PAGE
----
Saturday, October 20, 2018

Looking at the Heart

Deadlines. Seems I've had many of those these last few weeks.

But this morning, with visions of fall break swimming in my cereal bowl, I felt like I could breathe a little easier, take things a little slower. Lesson plans are done for our two-day week, grades are finalized for the first grading period. I seem to be caught least for the moment.

My fingers feel the itch to write something besides my Master's work and my research study. I thought maybe a blog post might be on the morning agenda, seeing how it is the National Day on Writing.

As I clicked on my own blog, I found my way to Ruth Ayres' blog. In her blog post, she wrote about her encounter with A.S. King at a literacy conference this past week. It seems they both presented on similar topics, as Ruth also presented about kids in trauma and how stories heal. Once again, her words went straight to my heart.

Then I saw this tweet over in her sidebar. See those words, "what if we looked at the heart instead of the behavior?"  I read those eleven words, and I lost it. The release of the frustration and the helplessness and the feelings of defeat from the past few weeks just took over.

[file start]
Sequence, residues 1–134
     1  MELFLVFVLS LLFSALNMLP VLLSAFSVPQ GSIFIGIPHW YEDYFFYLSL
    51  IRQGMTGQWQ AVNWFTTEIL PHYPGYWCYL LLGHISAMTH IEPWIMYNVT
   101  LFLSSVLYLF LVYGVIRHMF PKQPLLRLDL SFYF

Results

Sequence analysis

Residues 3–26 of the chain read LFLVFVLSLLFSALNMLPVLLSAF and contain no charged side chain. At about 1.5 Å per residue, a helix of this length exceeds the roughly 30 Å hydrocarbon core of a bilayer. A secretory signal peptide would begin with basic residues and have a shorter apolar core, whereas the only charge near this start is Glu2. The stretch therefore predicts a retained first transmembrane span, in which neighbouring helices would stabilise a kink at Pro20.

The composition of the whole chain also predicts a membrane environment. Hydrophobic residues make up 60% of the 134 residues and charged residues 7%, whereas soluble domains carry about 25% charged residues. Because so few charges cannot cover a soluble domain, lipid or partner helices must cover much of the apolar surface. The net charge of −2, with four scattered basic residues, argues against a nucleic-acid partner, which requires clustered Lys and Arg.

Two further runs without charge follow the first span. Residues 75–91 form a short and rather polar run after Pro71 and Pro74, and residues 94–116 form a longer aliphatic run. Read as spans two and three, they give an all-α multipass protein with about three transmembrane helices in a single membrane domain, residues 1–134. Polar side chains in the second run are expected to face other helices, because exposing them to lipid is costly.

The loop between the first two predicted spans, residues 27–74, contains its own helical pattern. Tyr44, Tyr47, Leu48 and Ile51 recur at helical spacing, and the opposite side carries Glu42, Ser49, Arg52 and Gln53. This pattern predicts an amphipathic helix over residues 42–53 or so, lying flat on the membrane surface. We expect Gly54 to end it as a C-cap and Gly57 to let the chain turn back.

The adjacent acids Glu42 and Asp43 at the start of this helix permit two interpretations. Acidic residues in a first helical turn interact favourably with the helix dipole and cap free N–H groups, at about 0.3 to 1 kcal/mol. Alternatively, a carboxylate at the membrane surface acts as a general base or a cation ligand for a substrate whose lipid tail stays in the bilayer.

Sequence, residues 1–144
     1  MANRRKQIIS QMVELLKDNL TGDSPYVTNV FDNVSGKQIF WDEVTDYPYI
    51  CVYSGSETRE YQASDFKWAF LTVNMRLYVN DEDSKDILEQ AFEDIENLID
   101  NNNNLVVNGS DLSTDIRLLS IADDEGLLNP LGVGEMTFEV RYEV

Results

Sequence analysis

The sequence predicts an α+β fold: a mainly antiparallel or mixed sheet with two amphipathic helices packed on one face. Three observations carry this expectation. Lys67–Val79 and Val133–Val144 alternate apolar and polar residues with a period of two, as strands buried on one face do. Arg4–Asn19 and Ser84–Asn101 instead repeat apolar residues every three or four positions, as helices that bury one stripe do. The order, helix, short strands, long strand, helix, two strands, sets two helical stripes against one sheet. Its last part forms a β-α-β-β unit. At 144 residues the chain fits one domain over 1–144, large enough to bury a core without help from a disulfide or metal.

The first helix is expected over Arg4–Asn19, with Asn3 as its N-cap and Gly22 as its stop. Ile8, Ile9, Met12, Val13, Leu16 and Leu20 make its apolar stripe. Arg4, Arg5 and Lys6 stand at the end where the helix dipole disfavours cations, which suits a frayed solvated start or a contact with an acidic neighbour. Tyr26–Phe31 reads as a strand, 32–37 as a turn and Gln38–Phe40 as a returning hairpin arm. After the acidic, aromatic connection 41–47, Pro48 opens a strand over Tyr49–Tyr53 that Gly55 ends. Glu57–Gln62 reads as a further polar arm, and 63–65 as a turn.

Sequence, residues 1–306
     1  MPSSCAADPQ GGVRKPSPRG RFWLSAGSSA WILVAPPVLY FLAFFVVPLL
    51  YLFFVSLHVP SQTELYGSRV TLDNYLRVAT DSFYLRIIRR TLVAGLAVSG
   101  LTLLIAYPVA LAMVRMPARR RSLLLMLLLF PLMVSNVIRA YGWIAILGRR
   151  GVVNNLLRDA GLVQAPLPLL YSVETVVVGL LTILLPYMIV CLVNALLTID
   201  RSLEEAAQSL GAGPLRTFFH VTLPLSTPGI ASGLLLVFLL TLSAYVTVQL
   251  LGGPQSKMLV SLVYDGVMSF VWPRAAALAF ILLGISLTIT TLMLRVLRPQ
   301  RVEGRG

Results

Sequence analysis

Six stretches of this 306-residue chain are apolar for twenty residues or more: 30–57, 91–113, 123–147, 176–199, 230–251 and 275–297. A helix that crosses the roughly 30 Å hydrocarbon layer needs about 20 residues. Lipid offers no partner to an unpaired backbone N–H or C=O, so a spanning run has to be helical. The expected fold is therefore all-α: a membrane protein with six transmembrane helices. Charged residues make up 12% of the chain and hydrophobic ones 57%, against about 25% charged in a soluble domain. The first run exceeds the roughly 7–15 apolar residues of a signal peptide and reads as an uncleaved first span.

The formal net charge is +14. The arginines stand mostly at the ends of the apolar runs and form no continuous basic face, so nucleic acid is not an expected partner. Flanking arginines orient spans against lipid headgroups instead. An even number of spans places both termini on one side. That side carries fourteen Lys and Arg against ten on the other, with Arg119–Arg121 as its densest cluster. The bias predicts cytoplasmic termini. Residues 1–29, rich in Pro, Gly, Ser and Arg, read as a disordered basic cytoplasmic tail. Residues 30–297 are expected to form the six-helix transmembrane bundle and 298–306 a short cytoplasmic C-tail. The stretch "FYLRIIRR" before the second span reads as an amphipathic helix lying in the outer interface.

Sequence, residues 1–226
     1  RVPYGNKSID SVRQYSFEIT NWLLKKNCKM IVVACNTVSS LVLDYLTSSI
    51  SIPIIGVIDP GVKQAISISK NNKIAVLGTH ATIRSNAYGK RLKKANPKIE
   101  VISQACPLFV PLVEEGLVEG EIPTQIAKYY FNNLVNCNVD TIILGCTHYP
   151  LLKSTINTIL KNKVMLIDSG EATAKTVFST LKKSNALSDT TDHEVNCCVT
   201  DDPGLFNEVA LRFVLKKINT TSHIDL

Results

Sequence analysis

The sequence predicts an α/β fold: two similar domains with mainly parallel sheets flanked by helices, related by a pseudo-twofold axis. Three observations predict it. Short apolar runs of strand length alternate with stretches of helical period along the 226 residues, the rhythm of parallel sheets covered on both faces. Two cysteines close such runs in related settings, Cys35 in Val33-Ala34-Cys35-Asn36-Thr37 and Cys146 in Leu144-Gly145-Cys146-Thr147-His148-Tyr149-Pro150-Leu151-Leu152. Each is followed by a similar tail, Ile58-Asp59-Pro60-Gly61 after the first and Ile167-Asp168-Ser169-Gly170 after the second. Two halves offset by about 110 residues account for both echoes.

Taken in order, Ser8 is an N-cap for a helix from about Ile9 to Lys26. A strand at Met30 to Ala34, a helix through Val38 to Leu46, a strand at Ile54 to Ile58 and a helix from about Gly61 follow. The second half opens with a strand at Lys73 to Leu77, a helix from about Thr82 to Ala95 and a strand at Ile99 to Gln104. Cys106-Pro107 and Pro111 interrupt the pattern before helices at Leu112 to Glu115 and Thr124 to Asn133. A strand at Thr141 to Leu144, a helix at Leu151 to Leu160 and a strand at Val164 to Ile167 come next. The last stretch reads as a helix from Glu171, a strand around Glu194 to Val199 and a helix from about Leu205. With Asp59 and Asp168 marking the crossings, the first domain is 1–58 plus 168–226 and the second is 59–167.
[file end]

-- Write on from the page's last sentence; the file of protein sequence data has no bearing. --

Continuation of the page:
Then came the guilt, exposed by these same words.

I have students who come from hard places:   places without love and loved ones, places without safety, electricity and food, and places without hope.

I know that.

But lately, I have been looking at their behaviors instead of their hearts.

I have been taking the easy way out.

I have been blaming them.

I have been looking outward and not inward.

...and that needs to change.

I wrote a post about how everyone needs a Ruth in their lives. I still believe that, but I think it is time to change that statement to "How can I BE a Ruth?"

Thank you, Ruth, once again for sending your words out into the world and for opening my eyes and my heart in those moments when, yes, I need a Ruth.


  1. Self-compassion, dear friend. Let the guilt go. You have learned from Ruth that it is not easy with kids from hard places. Your students need you, and I have no doubt that you are "Ruth" for them.

  2. Yes, you will be those kids Ruth. How lucky we are to know Ruth who influences and teaches us every time we read her words, read others words about her, see her for ourselves. Carry on Leigh Ann, you have the heart for this.

  3. You've got this, Leigh Anne. Its a course correction. Your inner GPS is saying, "recalculating" as you shift into HEART gear. It's the October "tremblies" when the wheels seem to come off. You caught it!

  4. It is so easy to find ourselves seeing only the behavior and not the true child. I struggled with this all year last year with one particular child. I tried hard to get his other teachers and the administration to see the heart, but over and over again, his behavior overshadowed. This is hard work and I admire you for your vulnerability in this post. You can do it because the first step is recognizing the need.